It’s not just Republicans taking a hit in a new AP-GfK Poll, which showed that approval ratings for Obama and Democrats were also plummeting as the partial shutdown reached its ninth day and next week’s deadline approached for increasing the US debt limit.
The US government has been partially shut since October 1 because of Congress’ failure to pass a normally routine temporary spending bill. Obama also wants Congress to extend the government’s borrowing authority—another once-routine matter—warning that if it fails to do so by October 17, the United States will not be able to pay its bills.
Republicans were demanding talks on deficit reduction and Obama’s 2010 health care overhaul law as the price for boosting the government’s borrowing authority and returning civil servants to work. Obama wants Congress to first end the shutdown and extend the debt limit.
Amid the tough talk, though, were indications that both sides might be open to a short-term extension of the borrowing limit and a temporary end to the shutdown, giving them more time to resolve their disputes.
Obama used a White House news conference to say he “absolutely” would negotiate with Republicans on “every item in the budget” if Congress first sent him short-term measures halting the shutdown and the extending the debt limit.
“There’s a crack there,” Boehner, the Republican speaker of the House of Representatives, said of the clash late Tuesday, though he cautioned against optimism.
Obama invited House Democrats to the White House for a private meeting scheduled for 4:30 pm Wednesday. The White House said that the president intends to invite Republicans and senators in the coming days.
Boehner’s Republicans may end up taking the biggest hit in public opinion for Washington’s gridlock, just as that party did when much of the government closed 17 years ago during President Bill Clinton’s administration, according to the Associated Press-GfK survey, released Wednesday.
Overall, 62 percent mainly blamed Republicans for the shutdown. About half said Obama or the Democrats in Congress bear much responsibility.
The AP-GfK Poll was conducted October 3-7 and involved online interviews with 1,227 adults. The survey has a margin of sampling error of plus or minus 3.4 percentage points for all respondents.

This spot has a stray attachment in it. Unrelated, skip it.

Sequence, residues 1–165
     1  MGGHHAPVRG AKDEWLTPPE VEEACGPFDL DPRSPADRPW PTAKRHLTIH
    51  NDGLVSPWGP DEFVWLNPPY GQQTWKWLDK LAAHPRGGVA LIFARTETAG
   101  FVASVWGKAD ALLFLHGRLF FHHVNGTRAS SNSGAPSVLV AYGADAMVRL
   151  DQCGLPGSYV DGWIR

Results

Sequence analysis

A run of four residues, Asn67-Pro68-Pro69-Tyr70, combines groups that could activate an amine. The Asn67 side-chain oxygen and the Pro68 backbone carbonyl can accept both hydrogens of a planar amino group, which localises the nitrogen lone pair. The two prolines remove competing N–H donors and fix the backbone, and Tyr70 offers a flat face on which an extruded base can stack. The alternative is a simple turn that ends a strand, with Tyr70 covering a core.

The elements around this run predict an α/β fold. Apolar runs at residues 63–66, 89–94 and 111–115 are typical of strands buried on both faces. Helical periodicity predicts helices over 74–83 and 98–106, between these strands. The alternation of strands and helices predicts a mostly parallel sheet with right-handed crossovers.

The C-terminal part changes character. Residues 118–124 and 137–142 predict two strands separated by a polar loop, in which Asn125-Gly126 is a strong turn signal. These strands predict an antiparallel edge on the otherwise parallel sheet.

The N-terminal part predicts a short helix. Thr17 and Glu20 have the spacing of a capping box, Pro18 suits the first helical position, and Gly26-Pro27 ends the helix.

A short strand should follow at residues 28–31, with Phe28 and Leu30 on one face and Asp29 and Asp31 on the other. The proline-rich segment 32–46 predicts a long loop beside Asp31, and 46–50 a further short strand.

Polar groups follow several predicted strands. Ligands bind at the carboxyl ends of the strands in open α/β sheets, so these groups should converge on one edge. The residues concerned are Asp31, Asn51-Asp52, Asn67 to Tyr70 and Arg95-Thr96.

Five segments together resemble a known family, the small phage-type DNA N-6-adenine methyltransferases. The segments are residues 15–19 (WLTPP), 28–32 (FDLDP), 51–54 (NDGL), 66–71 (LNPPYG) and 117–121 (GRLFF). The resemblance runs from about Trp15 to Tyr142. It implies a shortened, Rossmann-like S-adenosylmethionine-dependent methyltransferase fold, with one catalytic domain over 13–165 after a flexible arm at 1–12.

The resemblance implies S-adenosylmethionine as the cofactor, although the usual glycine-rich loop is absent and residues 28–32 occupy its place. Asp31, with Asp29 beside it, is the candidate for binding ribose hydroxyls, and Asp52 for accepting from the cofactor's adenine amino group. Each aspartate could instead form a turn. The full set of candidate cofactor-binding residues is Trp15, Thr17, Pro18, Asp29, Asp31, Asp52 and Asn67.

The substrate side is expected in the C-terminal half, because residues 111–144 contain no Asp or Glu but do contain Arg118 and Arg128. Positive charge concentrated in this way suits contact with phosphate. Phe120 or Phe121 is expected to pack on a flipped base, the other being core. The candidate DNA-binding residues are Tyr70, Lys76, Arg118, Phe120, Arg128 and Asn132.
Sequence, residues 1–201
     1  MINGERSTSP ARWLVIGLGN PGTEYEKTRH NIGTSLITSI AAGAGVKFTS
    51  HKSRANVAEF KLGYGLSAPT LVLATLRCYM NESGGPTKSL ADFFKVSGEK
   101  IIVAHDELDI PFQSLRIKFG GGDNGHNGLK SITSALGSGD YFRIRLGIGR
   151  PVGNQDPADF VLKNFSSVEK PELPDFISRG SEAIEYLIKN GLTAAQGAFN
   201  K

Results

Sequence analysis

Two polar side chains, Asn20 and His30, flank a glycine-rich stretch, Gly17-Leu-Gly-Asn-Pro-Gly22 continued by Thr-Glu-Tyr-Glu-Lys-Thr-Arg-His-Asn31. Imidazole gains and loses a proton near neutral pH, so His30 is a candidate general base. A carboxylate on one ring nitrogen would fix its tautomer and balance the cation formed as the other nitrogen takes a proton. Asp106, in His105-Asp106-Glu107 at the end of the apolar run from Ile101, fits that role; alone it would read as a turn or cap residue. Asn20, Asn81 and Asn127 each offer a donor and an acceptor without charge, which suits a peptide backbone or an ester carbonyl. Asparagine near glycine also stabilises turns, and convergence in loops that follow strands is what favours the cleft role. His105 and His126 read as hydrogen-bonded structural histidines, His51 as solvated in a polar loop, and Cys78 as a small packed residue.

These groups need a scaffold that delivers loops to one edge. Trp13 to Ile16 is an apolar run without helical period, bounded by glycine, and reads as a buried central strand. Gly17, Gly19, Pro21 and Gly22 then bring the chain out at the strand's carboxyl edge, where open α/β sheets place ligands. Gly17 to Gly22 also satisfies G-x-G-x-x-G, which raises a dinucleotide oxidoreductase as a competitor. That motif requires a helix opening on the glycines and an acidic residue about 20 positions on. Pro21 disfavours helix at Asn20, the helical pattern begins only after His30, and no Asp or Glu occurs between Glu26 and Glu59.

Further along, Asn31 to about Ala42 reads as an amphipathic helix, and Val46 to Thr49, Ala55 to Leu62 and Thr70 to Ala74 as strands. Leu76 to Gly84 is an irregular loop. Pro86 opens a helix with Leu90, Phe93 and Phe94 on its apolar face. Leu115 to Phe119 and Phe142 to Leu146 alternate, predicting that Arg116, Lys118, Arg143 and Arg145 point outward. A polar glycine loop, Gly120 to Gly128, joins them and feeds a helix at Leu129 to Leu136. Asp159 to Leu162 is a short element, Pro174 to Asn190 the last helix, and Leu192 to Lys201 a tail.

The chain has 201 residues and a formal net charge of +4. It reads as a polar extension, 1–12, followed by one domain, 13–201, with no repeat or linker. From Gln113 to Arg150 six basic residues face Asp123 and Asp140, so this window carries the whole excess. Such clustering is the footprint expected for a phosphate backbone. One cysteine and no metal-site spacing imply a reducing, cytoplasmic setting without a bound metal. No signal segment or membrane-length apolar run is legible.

Obama’s approval rating fell to 37 percent. Democrat Harry Reid, the Senate majority leader and Boehner, both had a favorability rating of just 18 percent.
The financial world voiced its disapproval, flashing unmistakable signs that it feared Washington’s twin battles could hurt the economy.
The US stock market declined again Tuesday, with the Dow Jones industrial average dropping nearly 160 points, or 1.1 percent. The International Monetary Fund trimmed its global and US growth forecasts through 2014, warning that failure to renew the debt limit would raise interest rates and potentially shove the American economy back into recession.
The Obama administration has said that unless Congress acts, it expects to have an estimated USD 30 billion in cash left by October 17. That is pocket change for a government that can spend tens of billions more than that on busy days and USD 3.6 trillion a year.
Hitting that date without congressional action would risk an unprecedented federal default that would wound the economy and deal lasting harm to the government’s ability to borrow money, many economists warn.
Some Republicans have downplayed the significance of the deadline, saying that even then, the United States would be able to pay China and other holders of US debt. But Obama said they were badly misguided, warning that default would harm the economy, cause retirement accounts to shrivel and houses to lose value.
Other Republicans have made it clear in recent days they agree with the threat posed by default and are determined to prevent it.
On Tuesday, Senate Democrats introduced legislation that would avoid those scenarios by letting the government borrow money through December 31, 2014. It contained no spending cuts or other deficit-cutting steps many Republicans seek.
The bill’s fate was uncertain, since the 54 votes Democrats can usually muster are short of the 60 votes they would need to overcome procedural maneuvers aimed at derailing the bill. An initial test vote seemed likely by Saturday.
Tuesday’s economic tremors did little to alter each side’s demands.
Republicans were continuing their tactic of pushing narrowly targeted bills through the House—over Democratic objections—that would restart popular parts of the government.
On Wednesday, they planned votes on a measure financing death benefits to families of fallen US troops. Blaming the shutdown, the Pentagon has halted the USD 100,000 payments, usually made within three days of a death, a stoppage Boehner called “disgraceful.”
The shutdown began more than a week ago after Obama and Senate Democrats rejected Republican demands to defund “Obamacare,” then to delay it, and finally to force a one-year delay in the requirement for individuals to purchase health care coverage or face a financial penalty.
It was not a course Boehner and the leadership had recommended—preferring a less confrontational approach and hoping to defer a showdown for the debt limit. Their hand was forced by a strategy advanced by Texas Senator Ted Cruz and conservative tea party-aligned House members determined to eradicate the health care law before it fully took root.